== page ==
logo
g Text Version
Beauty & Self
Books & Music
Career
Computers
Education
Family
Food & Wine
Health & Fitness
Hobbies & Crafts
Home & Garden
Money
News & Politics
Relationships
Religion & Spirituality
Sports
Travel & Culture
TV & Movies

dailyclick
Bored? Games!
Nutrition
Postcards
Take a Quiz
Rate My Photo

new
Action Movies
Bible Basics
Houseplants
Romance Movies
Creativity
Family Travel
Southwest USA


dailyclick
All times in EST

Full Schedule
g
g English Garden Site

BellaOnline's English Garden Editor

g

Mulleins for an English Garden

Guest Author - Hellie T.

Mullein - Verbascum thapsus

Also known as Blanket Herb, Aaron’s Rod, Beggar's flannel, Candlewick plant, Donkey’s Ears, Feltwort, Flannel plant, Velvet Dock, Candle Flower.

Other names are Hedge-taper and Hag’s Taper because the dry leaves make a perfect tinder and are excellent for lighting fires. Cottagers would dry the stems and dip them into tallow to make brilliant glowing lights – hence the candlewick name.

Mullein has been grown in English Gardens since medieval times. Then people would put the leaves into their shoes to protect their feet when walking any distance.

Mullein was also said to protect travellers from wild animal attacks and to return any young children who had been kidnapped by fairies to their parents. The water from the flowers was used as a yellow hair dye.

It is a wild flower that now has many cultivated variations, and is perfect for an English cottage garden.
Mullein has a tall flower spike covered in pale yellow, saucer-like blooms, and semi-evergreen, grey-green furry leaves. The flower spikes range in height from 60 - 2m, 2-7 ft.

How to grow
Most mulleins are biennials so they will only live for two years - however they self-seed readily and are very easy to grow.

They like a sunny spot with well drained soil.
Sow the seeds where they are to grow as they have a long tap root, which makes them difficult to transplant.

In the first year the plant just grows a rosette of leaves.
In the second year, the flower stalk grows and blooms.

Plant 2 feet or 60cm apart
They are hardy in zones 4-9.

The furry leaves protect the plant from losing too much moisture and from grazing animals - but please note - people with sensitive skin can find that these hairs may irritate their skin so wear gloves when handling them.

To get a second flush of flowers cut off spent flower spikes or to get your own seed leave the stems until they go brown, then cut them off and shake the seeds out into a paper bag – label and store in a dry place.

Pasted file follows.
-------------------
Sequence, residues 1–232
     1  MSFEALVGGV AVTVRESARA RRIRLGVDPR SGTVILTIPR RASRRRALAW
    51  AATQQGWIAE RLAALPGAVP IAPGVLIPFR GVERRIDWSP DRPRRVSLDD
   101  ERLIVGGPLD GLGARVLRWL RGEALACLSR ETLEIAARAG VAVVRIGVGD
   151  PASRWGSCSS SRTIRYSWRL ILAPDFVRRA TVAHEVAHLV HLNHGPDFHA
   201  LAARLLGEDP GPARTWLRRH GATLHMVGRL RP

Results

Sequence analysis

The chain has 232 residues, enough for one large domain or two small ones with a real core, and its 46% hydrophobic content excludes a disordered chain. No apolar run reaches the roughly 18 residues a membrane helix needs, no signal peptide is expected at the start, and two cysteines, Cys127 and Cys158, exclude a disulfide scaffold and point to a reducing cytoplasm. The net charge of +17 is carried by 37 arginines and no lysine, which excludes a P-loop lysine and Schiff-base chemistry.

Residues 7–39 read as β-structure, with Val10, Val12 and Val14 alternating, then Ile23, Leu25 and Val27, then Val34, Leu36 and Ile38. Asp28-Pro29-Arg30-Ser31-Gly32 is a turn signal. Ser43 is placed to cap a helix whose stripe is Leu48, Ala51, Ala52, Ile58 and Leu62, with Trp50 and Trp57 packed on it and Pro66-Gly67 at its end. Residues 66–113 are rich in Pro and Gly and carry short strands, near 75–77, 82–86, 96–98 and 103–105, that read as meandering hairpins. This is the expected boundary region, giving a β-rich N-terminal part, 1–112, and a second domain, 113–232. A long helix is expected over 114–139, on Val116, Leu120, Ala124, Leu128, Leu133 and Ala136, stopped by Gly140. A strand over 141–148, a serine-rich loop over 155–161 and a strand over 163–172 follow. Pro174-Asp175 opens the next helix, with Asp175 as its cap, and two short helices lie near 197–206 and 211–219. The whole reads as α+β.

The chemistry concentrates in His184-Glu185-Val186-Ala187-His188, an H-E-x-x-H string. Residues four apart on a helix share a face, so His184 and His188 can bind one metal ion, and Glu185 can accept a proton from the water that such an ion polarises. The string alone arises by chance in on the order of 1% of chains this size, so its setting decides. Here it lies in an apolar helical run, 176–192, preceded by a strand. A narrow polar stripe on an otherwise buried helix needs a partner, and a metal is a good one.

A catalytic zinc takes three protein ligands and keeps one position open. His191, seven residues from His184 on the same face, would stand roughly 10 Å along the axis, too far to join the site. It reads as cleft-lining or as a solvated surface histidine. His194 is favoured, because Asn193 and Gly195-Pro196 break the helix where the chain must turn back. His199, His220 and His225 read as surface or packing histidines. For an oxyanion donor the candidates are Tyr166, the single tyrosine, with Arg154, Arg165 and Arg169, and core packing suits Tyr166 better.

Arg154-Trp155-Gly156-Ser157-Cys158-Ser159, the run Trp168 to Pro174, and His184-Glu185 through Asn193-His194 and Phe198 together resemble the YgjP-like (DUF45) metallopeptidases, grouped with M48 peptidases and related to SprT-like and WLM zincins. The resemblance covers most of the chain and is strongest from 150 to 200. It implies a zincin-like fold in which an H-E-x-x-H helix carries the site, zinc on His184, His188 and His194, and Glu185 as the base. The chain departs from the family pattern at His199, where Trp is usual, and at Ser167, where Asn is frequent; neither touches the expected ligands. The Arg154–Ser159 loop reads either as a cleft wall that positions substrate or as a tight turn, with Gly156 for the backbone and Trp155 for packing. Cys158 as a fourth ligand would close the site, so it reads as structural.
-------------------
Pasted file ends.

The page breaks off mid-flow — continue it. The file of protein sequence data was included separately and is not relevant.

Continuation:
Look out for Mullein moth caterpillars – if you spot them just pick them off otherwise they will munch through all the leaves!


Where to plant
Towards the back of sunny borders, on banks, by fences and walls.
They are not suitable for small pots and containers.
Mulleins go well with hardy geraniums, lavender, catmint and peonies.


Mulleins for an English Garden

The Cotswold Group which was introduced in the 1920s
such as - ‘Cotswold Queen', ‘Cotswold Beauty', and Gainsborough' the latter has light yellow flower spikes and grows to 1.1m or 43 inches.

'Antique Rose' has flowers that are a beautiful Antique rose and grows to under one metre.

‘Pink Domino' has deep rosy pink flowers – grows to 1m or 39 inches
'Snow Maiden' has pure white flowers with yellow stamens – 1m or 39 inches.
‘Helen Johnson' has buff copper-pink flowers – grows to 1m or 39 inches.

Enjoy your garden!

Add Mulleins+for+an+English+Garden to Twitter Add Mulleins+for+an+English+Garden to Facebook Add Mulleins+for+an+English+Garden to MySpace Add Mulleins+for+an+English+Garden to Del.icio.us Digg Mulleins+for+an+English+Garden Add Mulleins+for+an+English+Garden to Yahoo My Web Add Mulleins+for+an+English+Garden to Google Bookmarks Add Mulleins+for+an+English+Garden to Stumbleupon Add Mulleins+for+an+English+Garden to Reddit




English Garden plants that flower in July
Delphinuims
Tall plants for an English Garden
RSS
Related Articles
Editor's Picks Articles
Top Ten Articles
Previous Features
Site Map


For FREE email updates, subscribe to the English Garden Newsletter


Past Issues


print
Printer Friendly
bookmark
Bookmark
tell friend
Tell a Friend
forum
Forum
email
Email Editor


Content copyright © 2014 by Hellie T.. All rights reserved.
This content was written by Hellie T.. If you wish to use this content in any manner, you need written permission. Contact Carol Chernega for details.

g


g features
Sissinghurst Castle Gardens

How to make a perfect English cup of tea

How to Design an English Garden

Archives | Site Map

forum
Forum
email
Contact

Past Issues
memberscenter


vote
Poetry
Daily
Weekly
Monthly
Less than Monthly



BellaOnline on Facebook
g


| About BellaOnline | Privacy Policy | Advertising | Become an Editor |
Website copyright © 2014 Minerva WebWorks LLC. All rights reserved.


BellaOnline Editor